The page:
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Jessica Steele

Published: 26 November 2020
Author: Jessica Steele

National memorial to child abuse victims

All Australians are being invited to have their say about designs for a National Memorial dedicated to victims of child sexual abuse.

On 22 October 2018, the Federal Government made a historical apology to the generations of children who had suffered institutional sexual abuse, and they committed to constructing a museum to chronicle the stories of survivors, and to provide a sanctuary for recognition and reflection on the wrongs suffered in the past.

Now, almost two years after the landmark apology was made, the Australian Government has finally committed to funding the endeavour. They are investing $6.7 million from the 2020-21 Budget to establish a National Memorial for Victims and Survivors of Institutional Child Sexual Abuse (the National Memorial) in Canberra, with completion expected in 2022.

It is important to recognise the trauma suffered by those who have experienced institutional abuse, both individually and collectively as a society. A public memorial can serve as a symbolic and practical meeting place for survivors, their families and supporters, and offer opportunities for healing and reflection. It can also build the foundation for reflection and discussion around child abuse in institutions, and can address how to ensure such abuse is prevented from happening again. Most importantly, the views of survivors should be at the forefront of the development of any memorial.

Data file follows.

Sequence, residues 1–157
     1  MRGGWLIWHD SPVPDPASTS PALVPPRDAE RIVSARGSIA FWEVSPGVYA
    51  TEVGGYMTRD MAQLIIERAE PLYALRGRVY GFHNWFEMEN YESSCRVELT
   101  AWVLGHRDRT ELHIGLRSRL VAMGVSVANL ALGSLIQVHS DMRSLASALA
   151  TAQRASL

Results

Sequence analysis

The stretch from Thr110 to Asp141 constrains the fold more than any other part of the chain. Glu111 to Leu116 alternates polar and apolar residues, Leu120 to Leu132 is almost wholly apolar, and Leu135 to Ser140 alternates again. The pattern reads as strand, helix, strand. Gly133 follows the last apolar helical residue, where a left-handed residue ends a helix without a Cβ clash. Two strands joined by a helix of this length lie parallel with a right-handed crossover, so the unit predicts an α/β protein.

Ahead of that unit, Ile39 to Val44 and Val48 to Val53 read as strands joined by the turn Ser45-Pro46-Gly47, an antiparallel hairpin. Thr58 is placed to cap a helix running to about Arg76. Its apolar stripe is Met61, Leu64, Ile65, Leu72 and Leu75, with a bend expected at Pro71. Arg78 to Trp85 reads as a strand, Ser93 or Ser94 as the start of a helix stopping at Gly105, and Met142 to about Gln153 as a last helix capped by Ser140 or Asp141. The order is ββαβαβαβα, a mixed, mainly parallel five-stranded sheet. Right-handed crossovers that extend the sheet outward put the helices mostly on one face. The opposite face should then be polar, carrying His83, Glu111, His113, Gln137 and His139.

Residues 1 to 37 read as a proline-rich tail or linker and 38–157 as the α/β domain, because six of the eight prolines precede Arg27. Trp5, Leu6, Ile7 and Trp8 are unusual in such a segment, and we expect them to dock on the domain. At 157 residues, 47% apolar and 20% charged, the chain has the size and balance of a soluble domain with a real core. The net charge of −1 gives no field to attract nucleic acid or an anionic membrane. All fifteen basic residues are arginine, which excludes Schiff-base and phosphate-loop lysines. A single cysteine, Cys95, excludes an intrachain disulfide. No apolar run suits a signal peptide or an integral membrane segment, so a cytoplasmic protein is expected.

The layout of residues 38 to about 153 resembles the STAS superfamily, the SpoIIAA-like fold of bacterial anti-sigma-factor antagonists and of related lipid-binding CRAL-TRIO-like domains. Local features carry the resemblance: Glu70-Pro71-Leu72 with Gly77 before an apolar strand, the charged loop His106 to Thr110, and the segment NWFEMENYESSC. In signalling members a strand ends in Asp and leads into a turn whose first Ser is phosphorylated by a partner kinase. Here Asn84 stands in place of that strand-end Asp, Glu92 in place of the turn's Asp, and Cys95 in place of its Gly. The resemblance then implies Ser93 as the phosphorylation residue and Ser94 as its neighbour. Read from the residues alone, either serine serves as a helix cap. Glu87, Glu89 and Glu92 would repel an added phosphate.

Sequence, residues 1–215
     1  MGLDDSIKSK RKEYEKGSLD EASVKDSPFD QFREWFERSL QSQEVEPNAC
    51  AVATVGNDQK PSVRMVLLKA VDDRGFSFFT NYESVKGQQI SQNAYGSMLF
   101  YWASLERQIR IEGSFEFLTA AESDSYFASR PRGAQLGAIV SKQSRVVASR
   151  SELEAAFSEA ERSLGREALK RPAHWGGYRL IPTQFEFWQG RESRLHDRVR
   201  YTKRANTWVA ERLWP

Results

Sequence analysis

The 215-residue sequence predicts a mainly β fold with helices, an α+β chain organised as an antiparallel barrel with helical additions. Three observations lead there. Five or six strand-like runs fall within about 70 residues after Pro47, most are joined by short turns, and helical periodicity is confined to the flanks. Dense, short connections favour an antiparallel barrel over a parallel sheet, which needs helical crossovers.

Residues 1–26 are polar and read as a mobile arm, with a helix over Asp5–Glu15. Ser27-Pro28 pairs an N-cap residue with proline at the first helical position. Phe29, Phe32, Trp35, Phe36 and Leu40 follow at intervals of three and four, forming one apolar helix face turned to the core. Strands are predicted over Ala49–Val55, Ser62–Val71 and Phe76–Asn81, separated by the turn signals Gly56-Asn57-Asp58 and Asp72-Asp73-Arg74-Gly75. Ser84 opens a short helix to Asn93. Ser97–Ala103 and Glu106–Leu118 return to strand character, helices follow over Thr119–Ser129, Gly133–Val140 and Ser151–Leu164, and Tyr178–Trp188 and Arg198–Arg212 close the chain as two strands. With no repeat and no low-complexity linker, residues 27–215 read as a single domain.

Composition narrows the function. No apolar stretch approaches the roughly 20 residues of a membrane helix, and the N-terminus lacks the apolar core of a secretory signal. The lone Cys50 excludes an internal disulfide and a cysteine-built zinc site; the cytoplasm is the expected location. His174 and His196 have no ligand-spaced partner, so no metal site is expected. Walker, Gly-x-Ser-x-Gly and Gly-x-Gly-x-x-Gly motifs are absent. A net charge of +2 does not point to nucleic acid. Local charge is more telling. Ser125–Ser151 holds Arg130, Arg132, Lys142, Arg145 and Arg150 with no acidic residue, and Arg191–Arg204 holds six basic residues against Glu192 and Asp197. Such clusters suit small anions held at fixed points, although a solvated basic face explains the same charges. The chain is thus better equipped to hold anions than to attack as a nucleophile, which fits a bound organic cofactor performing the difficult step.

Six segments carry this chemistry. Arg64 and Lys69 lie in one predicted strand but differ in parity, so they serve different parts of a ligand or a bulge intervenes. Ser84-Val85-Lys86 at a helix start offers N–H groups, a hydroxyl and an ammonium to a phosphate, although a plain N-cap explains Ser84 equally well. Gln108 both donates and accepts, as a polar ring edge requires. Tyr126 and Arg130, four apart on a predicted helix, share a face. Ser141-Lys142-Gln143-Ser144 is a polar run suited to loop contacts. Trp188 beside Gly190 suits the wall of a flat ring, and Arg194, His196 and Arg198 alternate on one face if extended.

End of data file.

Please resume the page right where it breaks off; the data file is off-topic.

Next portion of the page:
Victims/survivors, their families and advocates are now being invited to have their say about the design of the National Memorial. In doing so, they will play an important role in determining how best to acknowledge the wrongs of past generations, whilst sombrely educating future generations as to why such crimes should never be allowed to reoccur.

An online survey is now open, and can be accessed at www.engage.dss.gov.au. The survey is anonymous and is open until 11.59pm on 30 November 2020.

The website also provides those who have and have not accessed the National Redress Scheme, with the opportunity to provide feedback on the Scheme, and is open until 11.59pm 16 December 2020.

The Abuse Law Department at Ryan Carlisle Thomas has submitted its feedback to the National Memorial survey and we encourage others to do so as well.

While it is disheartening to see that the promise made by the Government in 2018 has taken nearly two years merely to receive funding, it is an important step forward nevertheless in the continued effort of acknowledging the ongoing trauma of child abuse.

Assistance is available 24 hours a day through Lifeline on 13 11 14, 1800 Respect on 1800 737 732 and MensLine Australia on 1300 789 978, and a full range of support services, based on demographic area, can be found at the National Redress Scheme website.

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